SAN ANTONIO, Texas -- Three women who served more than a decade in prison for allegedly molesting two girls were released on Monday after their lawyers and the district attorney agreed that recent scientific advances undermined medical testimony pivotal to their convictions, said their attorney Michael Ware.
Kristie Mayhugh, Cassandra Rivera and Elizabeth Ramirez were released on bond pending a decision by the Texas Court of Criminal Appeals on whether to grant them a new trial. If that happens, the Bexar County Criminal District Attorney's office will decline to prosecute them, and their convictions would be overturned, said Rico Valdez, chief assistant criminal attorney who oversees the office's post-conviction review.
A small crowd of supporters, family and friends cheered and clapped as the trio emerged from the county jail, holding their hands entwined and up in the air. Rivera embraced her brother Robert, told her granddaughter she had never seen, “I’m your grandma,” and to her son, Michael, who turns 22 on Tuesday, she said: “I made it in time for your birthday.”
Gloria Herrera, Ramirez's mother, was shaking and at a loss of words after her daughter Liz was freed after 17 years in prison. "Thank God for releasing the girls,” she said, noting of her embrace with her daughter, “It felt so good.”
A fourth woman convicted in the case, Anna Vasquez, was released on parole last year.
The new scientific advances were allowed to be presented on the women's behalf under a new "junk science" law passed in Texas earlier this year that gives defendants the chance to submit findings that may cast doubt on their conviction.
The evidence in question related to alleged signs of abuse on the older girl's hymen.
The women, known nationally as the "San Antonio 4," had always maintained their innocence and said the attacks never happened. At trial, child abuse expert Dr. Nancy Kellogg, who examined the girls, who were 7 and 9 at the time of the alleged assaults, said the older one had a scar on her hymen indicative of abuse that could have only occurred during the time the alleged assaults occurred.
A study published in 2007 by the American Academy of Pediatrics "concludes that torn or injured hymens do not leave scars as a matter of scientific fact," Ware said.
Though at the time, Kellogg provided a "medically appropriate diagnosis," the medical science "does not support that testimony anymore and she wouldn't testify that way today," Valdez said. "These women are entitled to a new trial because the medical science has changed, and we're going to do everything in our power to make sure that they are put in that position."
"In a crime where the defense was, 'It didn't happen at all,' the scar was probably the most important piece of evidence because it said it did happen," said Ware, a former member of the Dallas Conviction Integrity Unit collaborating with the Innocence Project of Texas on the case. "I don't think there was ever any skepticism," he said.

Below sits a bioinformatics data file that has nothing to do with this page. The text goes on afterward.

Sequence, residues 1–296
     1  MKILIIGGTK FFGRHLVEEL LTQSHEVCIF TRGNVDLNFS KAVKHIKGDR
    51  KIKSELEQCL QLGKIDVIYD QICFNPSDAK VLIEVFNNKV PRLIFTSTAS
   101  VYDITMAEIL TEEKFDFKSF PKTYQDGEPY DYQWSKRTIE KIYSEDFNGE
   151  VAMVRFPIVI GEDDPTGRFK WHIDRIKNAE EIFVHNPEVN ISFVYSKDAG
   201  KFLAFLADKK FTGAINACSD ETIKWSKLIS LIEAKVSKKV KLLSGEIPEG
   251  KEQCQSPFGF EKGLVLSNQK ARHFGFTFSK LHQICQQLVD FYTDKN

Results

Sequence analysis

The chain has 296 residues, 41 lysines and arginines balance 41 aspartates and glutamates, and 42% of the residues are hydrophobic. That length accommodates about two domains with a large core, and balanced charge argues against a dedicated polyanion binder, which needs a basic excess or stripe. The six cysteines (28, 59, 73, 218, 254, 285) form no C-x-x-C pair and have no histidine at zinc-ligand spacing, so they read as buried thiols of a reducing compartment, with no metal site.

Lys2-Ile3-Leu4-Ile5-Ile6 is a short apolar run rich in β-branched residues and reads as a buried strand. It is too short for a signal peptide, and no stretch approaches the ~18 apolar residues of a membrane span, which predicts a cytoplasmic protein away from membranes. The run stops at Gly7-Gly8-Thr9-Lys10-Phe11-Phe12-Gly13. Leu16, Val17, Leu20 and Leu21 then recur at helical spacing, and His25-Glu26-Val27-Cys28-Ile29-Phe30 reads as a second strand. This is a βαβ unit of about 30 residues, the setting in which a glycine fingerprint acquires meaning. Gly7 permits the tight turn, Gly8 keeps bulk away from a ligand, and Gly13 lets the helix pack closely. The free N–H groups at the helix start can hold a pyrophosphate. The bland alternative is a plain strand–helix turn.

The girls accused Ramirez, their aunt, and her friends of attacking them twice in late July 1994 while they were visiting Ramirez at her apartment. The assaults allegedly involved the girls being held down, touched on their breasts, and having liquid and white powder put into their vaginas. The older girl claimed she had a gun held to her head and was told if she revealed the attacks to her dad and grandmother, with whom she lived, they would be killed.
Ware said the trial transcripts showed inconsistencies in the testimony given by the girls: what kind of weapon was used, when the attacks happened, who was there and who did what.
The younger girl has since recanted her story to the media, although not to the prosecutor's office, Valdez said. On Monday, the alleged younger victim, Stephanie Martinez, 26, said, “My aunt never hurt us. She was a mom to us," adding, “it didn’t happen.”
Martinez said she would help her aunt and her friends in their bid to get a full exoneration. “I want to apologize to them,” she said, breaking down into tears. “I’m sorry for everything.”
Her older sister still maintains that the alleged assaults took place.
Although Ware said the women’s strongest ground for relief was the junk science claim, he also argued -- in the writ of habeas corpus that he filed for each woman – that their right to due process was violated by “materially inaccurate” and “highly prejudicial” testimony provided by Kellogg, as well as by the “false trial testimony” given by the two girls.
The women, all lesbians, were fighting sexual assault charges at a time when the alleged day care abuse cases of the late 1980s and early 1990s were still fresh in public memory. In those cases, alleged attackers were accused of abusing children during Satanic rituals. Suggestions of a possible Satanic link were also present in the proceedings against the San Antonio 4, said Debbie Nathan, author of a book on the topic and a board member of the National Center for Reason and Justice, a watchdog group dedicated to identifying false allegations of harm to children.
Nathan said the allegations leveled against the women -- the group abuse, the gun, the injection of liquid into the girls' vaginas, and a lot of screaming during the attacks -- were hallmarks of the day care cases.
"I call this the last gasp of the ritual abuse panic," she said. Nathan’s group was the first to bring public attention to the case, which languished as the women penned letter after letter to organizations seeking help.
For the San Antonio 4, their journey doesn't end here. They are pursuing full exoneration to clear their names.
"This is just a hurdle that we're crossing. It's not over, it's not near being over. This is a step forward to exoneration," Vasquez said late Sunday. "We've always maintained our innocence, we've never taken the easy road out."